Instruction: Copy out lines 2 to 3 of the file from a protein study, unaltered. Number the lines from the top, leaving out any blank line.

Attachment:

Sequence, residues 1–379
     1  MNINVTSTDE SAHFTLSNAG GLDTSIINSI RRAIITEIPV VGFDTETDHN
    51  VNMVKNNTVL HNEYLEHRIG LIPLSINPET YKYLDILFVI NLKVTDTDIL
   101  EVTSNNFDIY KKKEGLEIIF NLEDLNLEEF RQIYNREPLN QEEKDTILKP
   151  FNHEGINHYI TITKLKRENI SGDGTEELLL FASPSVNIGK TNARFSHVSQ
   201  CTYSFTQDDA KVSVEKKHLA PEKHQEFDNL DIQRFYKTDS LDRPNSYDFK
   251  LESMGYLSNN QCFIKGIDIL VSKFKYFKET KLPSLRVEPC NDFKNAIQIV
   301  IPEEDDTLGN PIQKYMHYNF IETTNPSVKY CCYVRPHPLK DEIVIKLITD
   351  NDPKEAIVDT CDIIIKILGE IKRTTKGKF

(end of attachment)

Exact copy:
     1  MNINVTSTDE SAHFTLSNAG GLDTSIINSI RRAIITEIPV VGFDTETDHN
    51  VNMVKNNTVL HNEYLEHRIG LIPLSINPET YKYLDILFVI NLKVTDTDIL